On Friday, I had the honor of serving as the social media expert on Windy City Live. In the spirit of the New Year, we discussed a common resolution in 2017- detoxing from social media. I recognize that I’m the biggest hypocrite EVER here because I’m just as social-media-obsessed as the next person (okay, maybe a bit more than the next person!), but for those who want to continue to venture into 2017 with a little more clarity around your social media obsession, I’ve taken the liberty of recapping and expanding upon the tips that I spoke about with Val, Ryan, and Ji.
1) Choose the one you love.
For some, detoxing entirely just might too big of a commitment. So, choosing only one platform to invest in is one way to approach a detox. We put so much pressure on ourselves to be on all of the channels available, and since time (and our sanity) is our most sacred commodity, that's just not realistic. So pick the platform that resonates the most with you and dedicate your time to just that one. Say it's Instagram, then stick a cover photo on your FB and Twitter profiles that says- "From now on, find me on Instagram." Be bold and crystal clear with your audience that if they want to find you, they must come meet you where you are.
2. Embrace the algorithm.
Whether you want to admit it or not, Facebook is smarter than you. Or at the very least, is AS smart as you. The more you comment, like, share and engage with the posts of people you see in your feed, the more you will seem them. I call it an echo chamber. So know that every action you take on Facebook (and the same goes for Instagram now) is accounted for and is ultimately customizing your feed, so be mindful when you’re browsing. Also, in regard to what you DON'T want to see, be fearless in your unfollowing. You can unfollow someone's posts without technically de-friending, which causes no drama. Just a cleaner, more detoxed experience.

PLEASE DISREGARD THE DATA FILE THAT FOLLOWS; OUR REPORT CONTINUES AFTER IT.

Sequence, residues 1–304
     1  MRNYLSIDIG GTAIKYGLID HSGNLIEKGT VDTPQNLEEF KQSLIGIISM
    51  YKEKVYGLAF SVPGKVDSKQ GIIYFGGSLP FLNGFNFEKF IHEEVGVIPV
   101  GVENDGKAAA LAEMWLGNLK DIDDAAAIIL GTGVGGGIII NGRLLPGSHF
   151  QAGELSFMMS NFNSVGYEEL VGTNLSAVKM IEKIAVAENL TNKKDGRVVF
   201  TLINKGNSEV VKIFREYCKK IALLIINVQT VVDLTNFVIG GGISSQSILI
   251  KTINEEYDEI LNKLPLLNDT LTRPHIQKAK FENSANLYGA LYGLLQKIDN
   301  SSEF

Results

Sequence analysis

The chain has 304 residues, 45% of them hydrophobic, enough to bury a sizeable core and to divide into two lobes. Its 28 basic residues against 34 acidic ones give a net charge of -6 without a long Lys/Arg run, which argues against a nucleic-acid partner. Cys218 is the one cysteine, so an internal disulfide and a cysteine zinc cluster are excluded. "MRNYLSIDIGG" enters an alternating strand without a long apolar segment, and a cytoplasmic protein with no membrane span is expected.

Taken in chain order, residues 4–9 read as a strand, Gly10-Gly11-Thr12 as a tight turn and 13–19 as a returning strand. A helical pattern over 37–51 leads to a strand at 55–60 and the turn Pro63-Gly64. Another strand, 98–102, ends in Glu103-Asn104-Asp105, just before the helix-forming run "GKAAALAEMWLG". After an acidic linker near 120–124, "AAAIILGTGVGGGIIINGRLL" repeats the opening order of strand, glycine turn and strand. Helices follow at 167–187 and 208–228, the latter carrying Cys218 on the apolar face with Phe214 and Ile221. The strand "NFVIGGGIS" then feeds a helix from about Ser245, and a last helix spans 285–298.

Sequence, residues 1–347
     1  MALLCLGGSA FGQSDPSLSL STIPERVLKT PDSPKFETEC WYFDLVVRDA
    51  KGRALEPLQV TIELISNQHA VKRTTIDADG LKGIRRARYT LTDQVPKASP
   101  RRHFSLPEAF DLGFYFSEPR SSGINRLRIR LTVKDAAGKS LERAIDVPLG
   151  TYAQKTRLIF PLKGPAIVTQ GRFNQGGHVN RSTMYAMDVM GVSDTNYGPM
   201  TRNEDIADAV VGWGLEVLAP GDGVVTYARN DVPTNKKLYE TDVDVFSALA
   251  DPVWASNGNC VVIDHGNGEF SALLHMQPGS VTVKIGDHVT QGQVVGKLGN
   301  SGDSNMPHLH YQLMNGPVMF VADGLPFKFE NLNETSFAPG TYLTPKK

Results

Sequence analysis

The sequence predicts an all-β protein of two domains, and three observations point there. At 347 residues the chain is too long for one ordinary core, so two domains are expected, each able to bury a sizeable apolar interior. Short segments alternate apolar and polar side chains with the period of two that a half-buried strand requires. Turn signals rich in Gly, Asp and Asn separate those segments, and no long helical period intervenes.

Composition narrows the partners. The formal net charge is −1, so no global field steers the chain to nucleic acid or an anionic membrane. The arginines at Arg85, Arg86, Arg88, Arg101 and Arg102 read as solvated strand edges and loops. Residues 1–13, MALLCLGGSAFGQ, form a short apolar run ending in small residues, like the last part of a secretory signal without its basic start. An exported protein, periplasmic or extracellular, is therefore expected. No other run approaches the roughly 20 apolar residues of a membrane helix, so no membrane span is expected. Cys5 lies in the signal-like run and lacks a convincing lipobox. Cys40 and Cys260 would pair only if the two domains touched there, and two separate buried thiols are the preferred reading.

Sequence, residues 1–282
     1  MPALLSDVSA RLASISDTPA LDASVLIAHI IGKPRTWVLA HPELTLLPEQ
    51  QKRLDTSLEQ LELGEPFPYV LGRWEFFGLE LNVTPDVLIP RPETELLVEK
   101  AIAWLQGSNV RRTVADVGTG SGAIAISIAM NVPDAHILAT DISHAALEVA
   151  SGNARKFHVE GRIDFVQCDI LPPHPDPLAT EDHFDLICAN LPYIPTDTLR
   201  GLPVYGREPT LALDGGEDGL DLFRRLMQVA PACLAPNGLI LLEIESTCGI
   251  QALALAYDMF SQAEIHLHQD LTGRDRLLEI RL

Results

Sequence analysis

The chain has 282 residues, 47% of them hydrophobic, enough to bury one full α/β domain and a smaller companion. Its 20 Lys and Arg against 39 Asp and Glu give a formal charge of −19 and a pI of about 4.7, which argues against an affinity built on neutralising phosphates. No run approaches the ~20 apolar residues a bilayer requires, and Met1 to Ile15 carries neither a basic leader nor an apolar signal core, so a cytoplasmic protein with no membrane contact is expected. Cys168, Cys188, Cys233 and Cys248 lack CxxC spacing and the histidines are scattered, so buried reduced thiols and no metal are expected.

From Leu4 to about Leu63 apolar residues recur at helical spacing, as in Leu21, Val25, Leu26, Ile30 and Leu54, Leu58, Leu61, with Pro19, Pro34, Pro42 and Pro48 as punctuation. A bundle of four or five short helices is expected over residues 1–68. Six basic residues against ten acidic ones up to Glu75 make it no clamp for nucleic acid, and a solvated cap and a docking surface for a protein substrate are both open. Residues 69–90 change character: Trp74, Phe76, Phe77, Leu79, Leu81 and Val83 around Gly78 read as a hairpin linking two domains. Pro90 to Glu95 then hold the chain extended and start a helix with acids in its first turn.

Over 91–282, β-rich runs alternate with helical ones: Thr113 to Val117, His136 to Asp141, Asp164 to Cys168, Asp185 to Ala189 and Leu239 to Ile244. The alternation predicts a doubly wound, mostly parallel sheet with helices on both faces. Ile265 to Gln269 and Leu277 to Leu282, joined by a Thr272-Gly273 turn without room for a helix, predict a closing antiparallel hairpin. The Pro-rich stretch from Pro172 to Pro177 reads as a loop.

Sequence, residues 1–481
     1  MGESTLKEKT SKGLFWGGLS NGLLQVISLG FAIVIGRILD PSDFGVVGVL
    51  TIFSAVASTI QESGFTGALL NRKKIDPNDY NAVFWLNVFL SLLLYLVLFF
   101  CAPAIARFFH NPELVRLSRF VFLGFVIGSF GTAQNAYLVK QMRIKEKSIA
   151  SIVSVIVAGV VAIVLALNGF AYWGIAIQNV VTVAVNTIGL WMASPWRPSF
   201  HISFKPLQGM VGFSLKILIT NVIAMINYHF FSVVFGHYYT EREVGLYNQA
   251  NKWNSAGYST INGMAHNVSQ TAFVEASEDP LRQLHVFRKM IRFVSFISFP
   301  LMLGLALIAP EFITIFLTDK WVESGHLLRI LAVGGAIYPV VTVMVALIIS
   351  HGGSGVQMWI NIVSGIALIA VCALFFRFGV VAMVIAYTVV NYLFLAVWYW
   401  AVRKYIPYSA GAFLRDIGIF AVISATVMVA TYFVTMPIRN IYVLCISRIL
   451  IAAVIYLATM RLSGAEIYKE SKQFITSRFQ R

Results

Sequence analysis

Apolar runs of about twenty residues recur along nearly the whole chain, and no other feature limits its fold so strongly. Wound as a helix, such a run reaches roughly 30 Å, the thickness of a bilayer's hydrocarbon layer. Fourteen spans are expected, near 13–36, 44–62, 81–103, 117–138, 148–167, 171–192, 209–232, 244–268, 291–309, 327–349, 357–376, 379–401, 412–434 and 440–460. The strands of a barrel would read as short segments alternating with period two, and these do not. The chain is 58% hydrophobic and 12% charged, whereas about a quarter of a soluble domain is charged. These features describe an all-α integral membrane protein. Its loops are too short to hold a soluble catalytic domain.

3. Turn off your notifications.
This one is simple but something that people fail to take the time to do. Go into your Settings and ensure that the entire notifications are gone (no sound, no buzz, no push notification). The problem with our addiction to social media isn't necessarily our incessant push, but its incessant pull. Another great way to do this on the web is to sign out of your accounts. Even if it's just for a few hours at a time, completely logging off is absolutely freeing. "Ignorance is bliss" as they say.
Research shows that we actually get a small rush of endorphins when we receive a new message. Talking about ourselves also triggers the reward centers in our brains, making it even more compelling to narrate our daily lives. So start by taking a small step back, get honest with yourself and ask yourself some of the key questions below. There are no wrong or right answers here, but getting real with the root of the addiction or addictive action will give you perspective, which is always useful:
Is it necessary to share this? Will it add value to my life or to other people?
Can I share this experience later so I can focus on living in the now?
Am I looking for validation?
Am I avoiding something else I should be doing?
Am I simply feeling bored? Is there something else I could do to engage myself?
Am I feeling lonely?
Am I afraid of missing out?
Can I use this time to just simply be instead of looking for something to fill it?
Do I just want to have mindless fun for a while?
5. Announce to Your Community You're Taking a Break and Delete Your Apps.
Go big or go home. By making a declaration to your "public," you'll feel more inclined to honor your own word. Most people will respect you (and even admire) you for it.
We are all guilty of letting social media take up a large part of our lives. It happens to all of us as it’s become part of our culture to tell our audience of people what we are up to at all times. Choose the tip that’s most appropriate for you, and know that your apps will always be waiting for you whenever you want to jump back into the game